By Sarah O’Brien

His greying ears flick as flies attempt to land. A nose, once moist, is now cracked and dry. Parched he lies there waiting to die and we wait with him not knowing how to make the time pass more pleasantly for either of us. One eye sunken in sharp relief, his breath rank, jaw drooling, reminding us all of the penalty of old age.

But I can’t hold him now. Soon he will be gone and a part of us along with him. His brown and white body always so lithe and strong lays awkwardly now; shallow breaths come slower. Eyes, that if on a human, I would say crinkle at the edges when he smiles. Yet he doesn’t smile. He lies waiting and we with him, waiting, waiting for him to die.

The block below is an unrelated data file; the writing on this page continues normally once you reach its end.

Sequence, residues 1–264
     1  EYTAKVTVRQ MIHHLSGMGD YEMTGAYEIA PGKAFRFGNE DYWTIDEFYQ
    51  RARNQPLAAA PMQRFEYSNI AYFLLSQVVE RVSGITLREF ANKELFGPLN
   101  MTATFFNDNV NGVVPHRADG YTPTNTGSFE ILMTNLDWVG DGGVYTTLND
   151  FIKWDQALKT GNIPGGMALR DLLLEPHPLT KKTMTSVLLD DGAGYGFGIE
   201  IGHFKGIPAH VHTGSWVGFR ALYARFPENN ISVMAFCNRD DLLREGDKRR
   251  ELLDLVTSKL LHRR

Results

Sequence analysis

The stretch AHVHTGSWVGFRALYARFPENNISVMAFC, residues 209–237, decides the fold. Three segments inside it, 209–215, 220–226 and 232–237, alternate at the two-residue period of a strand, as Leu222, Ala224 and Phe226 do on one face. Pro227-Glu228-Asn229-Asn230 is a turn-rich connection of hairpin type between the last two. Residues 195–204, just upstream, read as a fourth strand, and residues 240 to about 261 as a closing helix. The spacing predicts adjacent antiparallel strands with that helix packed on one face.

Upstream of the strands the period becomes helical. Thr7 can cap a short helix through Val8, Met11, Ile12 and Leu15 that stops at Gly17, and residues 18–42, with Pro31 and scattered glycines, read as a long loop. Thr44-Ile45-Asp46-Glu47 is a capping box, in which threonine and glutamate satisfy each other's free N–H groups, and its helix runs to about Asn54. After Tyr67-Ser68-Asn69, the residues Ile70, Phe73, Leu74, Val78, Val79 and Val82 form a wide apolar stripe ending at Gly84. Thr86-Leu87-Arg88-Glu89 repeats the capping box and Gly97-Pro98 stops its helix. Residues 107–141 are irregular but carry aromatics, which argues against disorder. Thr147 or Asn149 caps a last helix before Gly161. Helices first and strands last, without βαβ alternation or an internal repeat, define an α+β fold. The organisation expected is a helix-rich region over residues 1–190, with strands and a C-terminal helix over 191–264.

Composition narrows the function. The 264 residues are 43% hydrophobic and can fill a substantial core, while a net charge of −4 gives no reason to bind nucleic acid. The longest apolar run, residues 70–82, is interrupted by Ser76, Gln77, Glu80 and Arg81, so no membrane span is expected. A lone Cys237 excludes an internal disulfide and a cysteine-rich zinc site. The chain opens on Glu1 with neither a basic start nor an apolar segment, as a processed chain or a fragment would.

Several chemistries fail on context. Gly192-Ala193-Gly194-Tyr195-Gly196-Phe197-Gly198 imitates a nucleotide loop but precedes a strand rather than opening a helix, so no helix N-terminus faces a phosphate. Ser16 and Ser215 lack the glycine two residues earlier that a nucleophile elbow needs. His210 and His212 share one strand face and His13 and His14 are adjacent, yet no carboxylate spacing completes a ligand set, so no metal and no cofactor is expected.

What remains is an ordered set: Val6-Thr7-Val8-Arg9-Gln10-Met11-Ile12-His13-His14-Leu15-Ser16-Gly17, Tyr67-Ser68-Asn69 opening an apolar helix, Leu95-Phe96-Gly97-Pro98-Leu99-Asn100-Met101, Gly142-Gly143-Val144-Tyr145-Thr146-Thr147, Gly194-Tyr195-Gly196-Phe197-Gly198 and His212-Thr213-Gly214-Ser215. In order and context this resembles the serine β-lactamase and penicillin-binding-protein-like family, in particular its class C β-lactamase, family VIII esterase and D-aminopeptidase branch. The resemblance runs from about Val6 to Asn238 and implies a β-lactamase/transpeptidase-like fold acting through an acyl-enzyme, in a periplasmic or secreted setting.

It is a reminder that time does not stand still for any of us. He loved when we could not, he gave when we forgot and there he stayed protecting, loving, being there always. Soon he will not, soon he will be gone and a part of us with him.


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